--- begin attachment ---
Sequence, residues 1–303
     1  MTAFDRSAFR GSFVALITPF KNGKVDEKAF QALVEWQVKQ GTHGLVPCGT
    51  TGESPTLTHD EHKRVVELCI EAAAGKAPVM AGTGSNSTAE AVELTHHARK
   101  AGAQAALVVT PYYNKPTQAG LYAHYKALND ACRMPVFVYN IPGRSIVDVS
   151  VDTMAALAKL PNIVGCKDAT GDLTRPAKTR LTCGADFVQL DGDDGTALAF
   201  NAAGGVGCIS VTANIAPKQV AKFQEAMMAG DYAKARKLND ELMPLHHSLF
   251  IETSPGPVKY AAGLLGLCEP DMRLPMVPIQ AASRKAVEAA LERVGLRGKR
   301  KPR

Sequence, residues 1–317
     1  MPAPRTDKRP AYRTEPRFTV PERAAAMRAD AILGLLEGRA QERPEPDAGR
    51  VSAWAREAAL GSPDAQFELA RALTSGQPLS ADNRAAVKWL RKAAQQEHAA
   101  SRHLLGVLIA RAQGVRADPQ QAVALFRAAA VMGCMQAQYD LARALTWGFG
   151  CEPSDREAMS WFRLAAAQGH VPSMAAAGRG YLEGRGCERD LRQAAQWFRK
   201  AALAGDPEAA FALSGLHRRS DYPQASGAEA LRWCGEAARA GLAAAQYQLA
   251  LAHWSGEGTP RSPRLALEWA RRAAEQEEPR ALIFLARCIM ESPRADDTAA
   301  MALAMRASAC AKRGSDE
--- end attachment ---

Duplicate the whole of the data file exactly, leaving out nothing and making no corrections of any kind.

Sequence, residues 1–303
     1  MTAFDRSAFR GSFVALITPF KNGKVDEKAF QALVEWQVKQ GTHGLVPCGT
    51  TGESPTLTHD EHKRVVELCI EAAAGKAPVM AGTGSNSTAE AVELTHHARK
   101  AGAQAALVVT PYYNKPTQAG LYAHYKALND ACRMPVFVYN IPGRSIVDVS
   151  VDTMAALAKL PNIVGCKDAT GDLTRPAKTR LTCGADFVQL DGDDGTALAF
   201  NAAGGVGCIS VTANIAPKQV AKFQEAMMAG DYAKARKLND ELMPLHHSLF
   251  IETSPGPVKY AAGLLGLCEP DMRLPMVPIQ AASRKAVEAA LERVGLRGKR
   301  KPR

Sequence, residues 1–317
     1  MPAPRTDKRP AYRTEPRFTV PERAAAMRAD AILGLLEGRA QERPEPDAGR
    51  VSAWAREAAL GSPDAQFELA RALTSGQPLS ADNRAAVKWL RKAAQQEHAA
   101  SRHLLGVLIA RAQGVRADPQ QAVALFRAAA VMGCMQAQYD LARALTWGFG
   151  CEPSDREAMS WFRLAAAQGH VPSMAAAGRG YLEGRGCERD LRQAAQWFRK
   201  AALAGDPEAA FALSGLHRRS DYPQASGAEA LRWCGEAARA GLAAAQYQLA
   251  LAHWSGEGTP RSPRLALEWA RRAAEQEEPR ALIFLARCIM ESPRADDTAA
   301  MALAMRASAC AKRGSDE